The snow crab was easy to crack and moist and sweet and went down easy. The short rib was fork tender (I know because the waiter inadvertently took my knife) and infused with deep, beefy flavor. The potato crab cake had too much potato and it overwhelmed the crab. And the veggies, well, who eats veggies when there are mussels, crab, and short ribs to be had?
Dessert was a mixed berry sugar crusted nutmeg short cake made with local berries, including cherries, raspberries, currants, and strawberries (frozen from the Island’s summer crop). It came with a huge scoop of locally-produced Cows vanilla ice cream and was thoroughly satisfying.
Throughout the dinner, Chef Michael kept things lively and entertaining. The evening ended with “Rock Stars” elected from each table, getting up and singing a verse to a silly song tablemates had written. It was fun, though with 66 tables, this karaoke-style event went on a bit too long. All in all, folks left feeling satiated and entertained.
Seafood, Competitions and More
The next two days of the Shellfish Festival were filled with food, competitions, live music, book signings, and demonstrations. Friday saw buckets of rain, the remnants of a tropical storm off the Bahamas, and rivulets of water flowed through the blacktop floors of the tents, but it didn’t slow the crowds.
Backstage, I joined Chef Gordon Bailey from Lot 30, a popular restaurant in Charlottetown, a chef-instructor from the Canadian Culinary Institute on the Island, and a corporate Executive Chef from President’s Choice, a large food and grocery store brand in Canada, for the first round of chowder judging. Staff brought us nine large, numbered soup dishes filled with chowders made by local chefs with PEI potatoes and seafood. We rated each entry on flavor, texture, appearance, and overall appeal.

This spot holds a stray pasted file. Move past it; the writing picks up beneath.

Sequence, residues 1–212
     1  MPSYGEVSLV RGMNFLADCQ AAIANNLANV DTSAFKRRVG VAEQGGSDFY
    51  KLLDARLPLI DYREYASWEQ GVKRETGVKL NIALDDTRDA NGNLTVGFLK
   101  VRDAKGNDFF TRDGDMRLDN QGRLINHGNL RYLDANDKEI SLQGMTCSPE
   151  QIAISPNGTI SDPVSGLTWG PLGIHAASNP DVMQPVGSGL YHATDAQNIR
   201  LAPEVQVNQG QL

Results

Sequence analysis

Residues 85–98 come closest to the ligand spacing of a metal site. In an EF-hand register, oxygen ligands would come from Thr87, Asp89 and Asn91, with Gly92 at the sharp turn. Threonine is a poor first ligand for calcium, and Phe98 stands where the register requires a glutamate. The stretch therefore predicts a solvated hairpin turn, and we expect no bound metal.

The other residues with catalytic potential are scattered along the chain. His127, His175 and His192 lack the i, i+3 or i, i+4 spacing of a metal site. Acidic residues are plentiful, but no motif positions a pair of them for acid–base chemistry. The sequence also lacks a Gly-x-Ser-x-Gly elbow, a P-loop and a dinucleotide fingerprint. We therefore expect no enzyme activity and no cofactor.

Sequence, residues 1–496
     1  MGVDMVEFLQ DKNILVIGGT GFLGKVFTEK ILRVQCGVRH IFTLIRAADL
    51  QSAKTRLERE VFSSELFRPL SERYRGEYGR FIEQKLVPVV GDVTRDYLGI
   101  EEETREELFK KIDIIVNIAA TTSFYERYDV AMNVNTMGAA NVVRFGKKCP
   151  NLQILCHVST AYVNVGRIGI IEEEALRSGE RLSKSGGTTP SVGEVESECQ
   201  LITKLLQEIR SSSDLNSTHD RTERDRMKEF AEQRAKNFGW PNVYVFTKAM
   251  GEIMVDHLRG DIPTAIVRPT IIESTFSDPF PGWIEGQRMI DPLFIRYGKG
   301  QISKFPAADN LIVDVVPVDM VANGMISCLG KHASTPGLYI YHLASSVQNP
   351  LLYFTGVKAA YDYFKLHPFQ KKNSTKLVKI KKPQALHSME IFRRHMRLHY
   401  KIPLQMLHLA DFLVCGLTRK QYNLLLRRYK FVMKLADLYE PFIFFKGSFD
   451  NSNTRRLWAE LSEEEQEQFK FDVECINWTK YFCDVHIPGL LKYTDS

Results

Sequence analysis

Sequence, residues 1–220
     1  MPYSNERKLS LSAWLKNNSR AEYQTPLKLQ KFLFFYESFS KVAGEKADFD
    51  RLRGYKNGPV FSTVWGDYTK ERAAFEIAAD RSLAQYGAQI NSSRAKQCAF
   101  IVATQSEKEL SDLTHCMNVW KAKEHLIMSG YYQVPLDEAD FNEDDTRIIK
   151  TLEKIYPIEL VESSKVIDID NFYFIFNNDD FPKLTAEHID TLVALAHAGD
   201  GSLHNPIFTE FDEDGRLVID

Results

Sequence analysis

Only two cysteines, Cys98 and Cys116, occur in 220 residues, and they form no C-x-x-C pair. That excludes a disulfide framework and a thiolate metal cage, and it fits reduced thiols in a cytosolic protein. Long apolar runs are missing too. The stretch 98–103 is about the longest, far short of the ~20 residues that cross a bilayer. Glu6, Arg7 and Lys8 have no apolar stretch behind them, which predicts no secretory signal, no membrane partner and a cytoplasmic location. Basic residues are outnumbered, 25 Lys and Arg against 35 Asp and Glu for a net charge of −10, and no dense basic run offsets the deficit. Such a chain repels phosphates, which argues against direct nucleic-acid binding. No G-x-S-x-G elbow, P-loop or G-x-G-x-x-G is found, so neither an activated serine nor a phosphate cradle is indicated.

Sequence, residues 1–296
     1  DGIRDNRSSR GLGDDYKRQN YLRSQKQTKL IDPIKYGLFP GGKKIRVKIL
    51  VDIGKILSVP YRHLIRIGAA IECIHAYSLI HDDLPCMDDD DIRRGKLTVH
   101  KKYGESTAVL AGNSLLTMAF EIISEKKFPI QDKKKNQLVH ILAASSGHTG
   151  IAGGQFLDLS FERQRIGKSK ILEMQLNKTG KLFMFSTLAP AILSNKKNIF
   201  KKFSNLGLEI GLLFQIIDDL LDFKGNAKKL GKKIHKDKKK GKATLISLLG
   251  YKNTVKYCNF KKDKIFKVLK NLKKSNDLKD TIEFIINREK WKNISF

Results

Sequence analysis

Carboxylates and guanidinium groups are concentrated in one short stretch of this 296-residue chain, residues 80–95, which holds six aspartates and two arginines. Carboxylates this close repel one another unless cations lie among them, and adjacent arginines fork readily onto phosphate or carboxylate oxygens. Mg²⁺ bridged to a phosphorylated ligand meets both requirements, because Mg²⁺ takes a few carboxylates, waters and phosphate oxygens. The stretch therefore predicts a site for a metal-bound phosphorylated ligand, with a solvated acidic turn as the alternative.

It was amazing how creative these chefs were in creating their chowder dishes. Some used mussels and clams in the shell, whole scallops, big pieces of lobster, with each piece of seafood distinctive. Others made more of a mash-up of seafood. Some chowders were thin; others were thick. Chefs decorated their entries with edible flowers, puff pastry, foraged sea vegetables, fresh roe, and more. It was a veritable explosion of chowder creativity.
After we tasted and slurped and sipped and savored, we tallied the results and turned them over to the competition master. The next day, we repeated the judging in heat number two with the addition of Alain Bossé, the Kilted Chef from Nova Scotia, added to our judging panel.
Out in the main tent, the fun continued with Chef Michael leading the crowd through a hilarious skit on “How to Produce a Cooking Show.” Michael put a willing audience member through her paces as the host of a new cooking show featuring PEI mussels. With bullhorn in hand, Michael stopped the poor “host” dozens of times to correct or redirect her efforts with the audience laughing heartily.
I regretfully had to leave all this frivolity to catch a flight home, but the festivities continued late into the night on Saturday and into Sunday with more music, food, awards, and fun. If you’re a shellfish lover, the PEI International Shellfish Festival is an event you definitely want to put on your September calendar for next year. – Bobbie Hasselbring, RFT Editor
Check out our review of one of PEI’s best restaurants, Lot 30.
And want a taste of PEI’s amazing potato products? Take a look at some unusual PEI potato chip products.